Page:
DOBBIE, Susan




Author Tags: Fiction

Born in Edinburgh, Scotland, Dobbie immigrated to Canada in 1957. She started Dowco Consultants, a steel detailing business, with her husband and received her B.A. from SFU as a mature student. Living both in Langley and Harrison Lake, she has been a Volunteer at the Langley Centennial Museum since 1993. Her first novel is When Eagles Call (Ronsdale Press, 2003), the story of Kimo, a young Hawaiian native living in the 19th century who signs up for duty with the Hudson’s Bay Company. He meets a half-Kwantlen, half-French-Canadian woman named Rose and decides to stay as a pioneer in the Langley area.

Dobbie next published a sequel entitled River of Gold (Ronsdale Press, 2009). In this sequel, two Hawaiian labourers - Kimo Kanui and his friend Moku - end their contract with the Hudson's Bay Company in Fort Langley and trek north to join the great Cariboo gold rush of the early 1860s. Along with a black man from the Carolinas and a native Sto:lo woman won and freed in a card game, they face dangers and challenges along the trail as winter sets in. Gun-toting Californians, drunken miners, hostile natives as well as characters from British Columbia's history - James Douglas, Judge Begbie, Ovid Allard and Cataline - stride through the novel.

Reviews of the author's work by BC Studies:
River of Gold

BOOKS:

When Eagles Call (Ronsdale Press, 2003)

River of Gold (Ronsdale 2009) 978-1-55380-071-2 Price $19.95

[BCBW 2012] "Fiction"

When Eagles Call (Ronsdale $19.95)
Article



Inspired by Fort Langley journals of the Hudson’s Bay company, Susan Dobbie’s When Eagles Call (Ronsdale $19.95) imagines Pacific Northwest life through the eyes of a Hawaiian labourer in the early 19th century, Kimo Kanui.

Dobbie’s protagonist is one of hundreds of Hawaiians who were imported by the HBC and the North West Company to work in the fur trade from 1811 onwards.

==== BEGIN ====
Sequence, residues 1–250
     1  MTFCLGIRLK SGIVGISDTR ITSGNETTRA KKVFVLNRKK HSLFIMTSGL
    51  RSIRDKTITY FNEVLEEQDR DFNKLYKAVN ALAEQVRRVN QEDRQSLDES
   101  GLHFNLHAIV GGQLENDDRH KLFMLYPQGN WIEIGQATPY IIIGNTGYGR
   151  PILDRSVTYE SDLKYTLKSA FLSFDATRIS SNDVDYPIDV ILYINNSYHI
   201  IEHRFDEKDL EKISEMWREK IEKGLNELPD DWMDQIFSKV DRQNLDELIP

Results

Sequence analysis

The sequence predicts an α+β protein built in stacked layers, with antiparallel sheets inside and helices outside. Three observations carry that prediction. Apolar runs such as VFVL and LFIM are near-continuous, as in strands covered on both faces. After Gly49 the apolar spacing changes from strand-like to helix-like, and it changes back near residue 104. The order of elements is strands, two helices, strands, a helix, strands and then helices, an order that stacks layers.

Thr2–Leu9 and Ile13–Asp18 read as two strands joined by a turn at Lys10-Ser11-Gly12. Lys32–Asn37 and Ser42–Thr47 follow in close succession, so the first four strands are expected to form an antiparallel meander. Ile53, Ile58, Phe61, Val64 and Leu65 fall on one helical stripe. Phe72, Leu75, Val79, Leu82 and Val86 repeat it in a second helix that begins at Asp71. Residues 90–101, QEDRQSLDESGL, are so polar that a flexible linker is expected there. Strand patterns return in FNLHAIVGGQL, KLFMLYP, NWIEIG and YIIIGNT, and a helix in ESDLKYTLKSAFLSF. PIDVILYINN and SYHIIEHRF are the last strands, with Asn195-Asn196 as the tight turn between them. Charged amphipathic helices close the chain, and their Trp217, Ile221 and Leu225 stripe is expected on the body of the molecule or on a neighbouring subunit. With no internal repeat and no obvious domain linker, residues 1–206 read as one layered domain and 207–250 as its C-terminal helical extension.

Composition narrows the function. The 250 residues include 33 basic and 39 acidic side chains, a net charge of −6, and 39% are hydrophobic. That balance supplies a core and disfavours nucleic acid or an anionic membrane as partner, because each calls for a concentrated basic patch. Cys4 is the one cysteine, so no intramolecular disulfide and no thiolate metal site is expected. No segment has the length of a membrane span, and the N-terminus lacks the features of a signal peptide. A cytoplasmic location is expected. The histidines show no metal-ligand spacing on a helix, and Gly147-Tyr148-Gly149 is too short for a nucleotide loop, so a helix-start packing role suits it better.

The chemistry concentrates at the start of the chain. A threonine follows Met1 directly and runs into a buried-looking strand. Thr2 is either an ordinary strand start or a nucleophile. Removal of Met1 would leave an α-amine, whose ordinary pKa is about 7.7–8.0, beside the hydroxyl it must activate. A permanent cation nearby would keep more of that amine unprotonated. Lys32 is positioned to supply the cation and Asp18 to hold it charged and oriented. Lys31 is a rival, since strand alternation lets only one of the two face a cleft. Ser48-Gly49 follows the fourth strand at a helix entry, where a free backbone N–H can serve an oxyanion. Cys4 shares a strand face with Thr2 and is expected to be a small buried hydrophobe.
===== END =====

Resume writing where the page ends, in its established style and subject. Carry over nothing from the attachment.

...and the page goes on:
Recruited in Honolulu, Kimo and his seven companions are told they’ll be stationed somewhere between Sacramento and Alaska. During his six weeks aboard the Thomasina, he discovers any ‘Kanaka’ (the word for ‘person’ in Hawaiian) who fails to obey orders will be clapped in irons; malcontents will be flogged. In leaving behind the degradation of his beloved “Old Hawaii”—a paradise ruined by missionaries, sailors and brothels—Kimo has unwittingly opted for a puzzling and cold place where pelts are as important as people.

Indentured HBC service is only one step up from slavery. Much to his dismay, he must help the HBC control warring factions of Indians. Transferred from the trading hub of Fort Vancouver in Oregon to squalid and remote Fort Langley, Kimo is paid to subjugate the Sto:lo, the River People, also known as the Halkomelen.

“Slavery was a large and cruel part of Indian culture in the Pacific Northwest and he wondered if and when it would end. Some Indian wives of the fort men even kept slaves. He hadn’t quite grasped how it all worked, for some were treated well enough—almost as family—while others were utterly brutalized.

“When he thought about it, there were days he felt much like a slave himself. All fort employees were, in a sense, slaves to the Company. The only difference was that your bondage ended after three years, and you got paid for it.

Venereal disease, known as Chinook love fever, is not the least of the worries faced by the transplanted Europeans, Hawaiians and their Indian concubines. Some, like the Hawaiian bully Ahuhu, are reduced to abject weakness and desperation by alienation. Kimo stays out of trouble as much as he can and becomes enamoured of Rose Fanon, daughter of a departed Voyageur named Jacques and a Nooksack woman named Lawi’qum. Unable to speak her language, Kimo romances her, saves her and hopes to gain her people’s consent to marry her.

As a wide-eyed middleman between clashing, co-mingling cultures, Kimo learns about a myriad of tribes: the Kwantlen, Musqueam, Katzie, Sumas, Chilliwacks, Pilalts, Taits, the Nanaimo, Cowichan, Squamish, Sechelt, the Skagit, Snohomish and Duwanish tribes, plus the Nooksacks, Klallams, Coquitlam, Tsawwassen, Whonnock, Matsqui, Nicomen and Scowlitz.

The loyalties of the earnest young hero are divided between his HBC duties, yearnings for Hawaii and his infatuation for Rose under the swaying pines.

The Fort Langley annals used for research are at Langley’s Centennial Museum where Dobbie worked as a volunteer docent for ten years. 1-55380-005-2

[SUMMER 2003 BCBW]